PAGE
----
Third, and lastly: A nod toward the global African village. Such a conjured statement would have contributed to the establishment, recognition, solidification or healing of broken, unacknowledged, or even denied, familial bonds between African-Americans and Africans, artistically, culturally, historically. Maybe even, politically. FLASH BACK ENDS.

Well, she didn’t say it. And here we are.

However, as Lupita did indicate, during her speech acceptance, that the golden Oscar statue (holy shades of Ptah!) serves as a reminder, to every child throughout the world, that their dreams, too, are valid…

I, too, can dream – can’t I?

WhAt R WoRdS 4…?


c2001 Timothy Aaron-Styles

Words are powerful. Words can hurt, heal, inspire, discourage, soothe or provoke. Words, apparently, can bring into existence worlds and galaxies consisting of myriad places, laws, people and mysteries. 

It’s a shared notion among religions that The Creator, at the genesis of creation spoke and all things came into being. The (Creative) Word was simultaneously at, in, and the actual, beginning.

Ralph Ellison said, “If the word has the potency to revive and makes us free, it has also has the power to blind, imprison and destroy.”

Could it be that the power of media is not so much in (the) technology as much as it is in the simple fact that media communicates words, concepts, ideologies and beliefs?

“A word after a word after a word is power,” stated Margaret Atwood.

 Historically, slave masters did not want enslaved Africans to read English (it’s not that they couldn’t read–they just couldn’t read English!) because those books consisted of words that were factual and truth-filled. Words that had the potential to enLIGHTen, instruct and liberate. Words that could expand, transform and re-construct.

Even fictional books had the potential to inspire the minds, hearts and spirits of those former free men and women — who were once kings and queens, artisans, griots, legislators, traders, fishermen, warriors and healers — now mentally and physically enslaved within a new social, political, cultural and economic reality.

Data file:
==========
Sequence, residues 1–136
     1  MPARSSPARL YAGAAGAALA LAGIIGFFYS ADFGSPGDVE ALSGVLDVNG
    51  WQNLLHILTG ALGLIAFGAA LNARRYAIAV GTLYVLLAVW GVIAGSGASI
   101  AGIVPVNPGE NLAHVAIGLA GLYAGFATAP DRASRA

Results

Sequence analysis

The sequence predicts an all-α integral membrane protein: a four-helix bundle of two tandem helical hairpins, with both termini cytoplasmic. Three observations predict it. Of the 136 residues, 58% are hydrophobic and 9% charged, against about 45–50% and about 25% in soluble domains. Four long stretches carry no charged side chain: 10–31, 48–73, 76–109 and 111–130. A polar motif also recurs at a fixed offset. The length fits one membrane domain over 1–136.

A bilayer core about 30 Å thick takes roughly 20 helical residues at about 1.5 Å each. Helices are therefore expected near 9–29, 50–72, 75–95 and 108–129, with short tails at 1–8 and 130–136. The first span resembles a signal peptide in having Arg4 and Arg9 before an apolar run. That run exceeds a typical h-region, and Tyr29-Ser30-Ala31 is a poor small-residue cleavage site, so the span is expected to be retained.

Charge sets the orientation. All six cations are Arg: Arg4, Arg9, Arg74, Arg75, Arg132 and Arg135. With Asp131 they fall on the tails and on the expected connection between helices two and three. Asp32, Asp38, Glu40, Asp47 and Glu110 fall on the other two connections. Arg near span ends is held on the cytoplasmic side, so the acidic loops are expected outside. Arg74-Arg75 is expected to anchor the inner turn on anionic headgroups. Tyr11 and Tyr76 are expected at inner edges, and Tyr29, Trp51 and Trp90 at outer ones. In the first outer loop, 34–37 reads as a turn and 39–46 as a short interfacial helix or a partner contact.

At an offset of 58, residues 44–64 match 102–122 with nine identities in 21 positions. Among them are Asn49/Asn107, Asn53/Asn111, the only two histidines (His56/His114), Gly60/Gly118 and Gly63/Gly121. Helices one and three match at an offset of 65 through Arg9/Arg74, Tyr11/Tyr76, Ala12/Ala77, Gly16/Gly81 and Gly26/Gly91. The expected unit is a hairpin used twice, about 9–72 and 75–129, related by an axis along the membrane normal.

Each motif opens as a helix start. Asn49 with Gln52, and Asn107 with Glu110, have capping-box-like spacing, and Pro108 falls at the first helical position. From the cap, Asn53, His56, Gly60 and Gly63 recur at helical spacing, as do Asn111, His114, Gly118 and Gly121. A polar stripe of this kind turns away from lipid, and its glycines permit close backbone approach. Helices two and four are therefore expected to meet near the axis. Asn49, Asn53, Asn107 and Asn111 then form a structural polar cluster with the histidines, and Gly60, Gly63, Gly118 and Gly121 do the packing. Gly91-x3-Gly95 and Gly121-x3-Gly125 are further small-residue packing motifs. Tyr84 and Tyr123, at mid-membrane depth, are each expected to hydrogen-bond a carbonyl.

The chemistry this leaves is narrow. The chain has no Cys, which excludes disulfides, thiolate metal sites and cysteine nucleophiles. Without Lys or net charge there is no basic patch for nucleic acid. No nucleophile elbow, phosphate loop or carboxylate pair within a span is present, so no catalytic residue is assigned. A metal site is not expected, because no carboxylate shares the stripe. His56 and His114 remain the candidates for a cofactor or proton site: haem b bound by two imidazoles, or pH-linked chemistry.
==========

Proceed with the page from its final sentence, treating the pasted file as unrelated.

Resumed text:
Joseph Conrad said, “Words, as is well known, are the great foes of reality.”

Words can alter apparent realities because words deconstruct and re-invent. Words provide options. For every word one knows, a new possibility exists. The more words one has under her linguistic belt, the more potential power she yields. The power to re-create and create new social, political and economic worlds.

“The more articulate one is, the more dangerous words become,” stated May Sarton.

 …….”I apologize” and “I was wrong” depending upon ones perspective, belief, and personal investment are, either the most powerfully healing and conciliatory phrases in the world, or the two most compromising, debilitating and powerless utterances. As conciliatory phrases they are spiritual and transcendental.

As expressions of weakness and compromise, they are earthly, worldly and ego-centered.

To say, “I’m sorry — I was wrong” according to the majority admits weakness. However, to some (a minority ?) such expressions indicate a higher standard for one’s humanness. They believe that admittance of wrongdoing and regret for ill deeds leads to spiritual redemption and, in some cases, social healing.

In her book “The Language War,” Robin Tolmach Lakoff states,

“An apology…it changes the world for participants, their relative status…their future relationship. In making an apology, the maker 1) acknowledges wrong doing; 2) acknowledges that the addressee is the wrong party; 3) admits needing something (forgiveness)…to make things right again. Apologies put their makers at a disadvantage in two ways: as transgressors and as people in need of something from those against whom they have transgressed…

Hence, a true apology is always painful and real apologies tend to occur either between equals or from lower to higher. Higher ups ‘never explain, never apologize,” first because they don’t have to, and second because it might threaten their status.”

…….So, why can’t African-Americans receive a slightest hint of an apology for the enslavement of their ancestors and the subsequent social and institutional mistreatment? Maybe the more appropriate question is, thanks to Lakoff: why won’t we?

Although apologies have the power to heal, transform and reconcile, what hinders some from bringing themselves to utter a simple phrase like, “I am sorry for what happened to your ancestors” or “I apologize what my ancestors did to your ancestors.”

Words have power. To heal or to divide. Let the words of our mouths be acceptable to a Higher calling.


Cast from Waiting To Exhale

Cast from Waiting To Exhale

Car/automobile as symbol for movement and progress? Or symbol for compartmentalization…”being stuck in the box” = containment or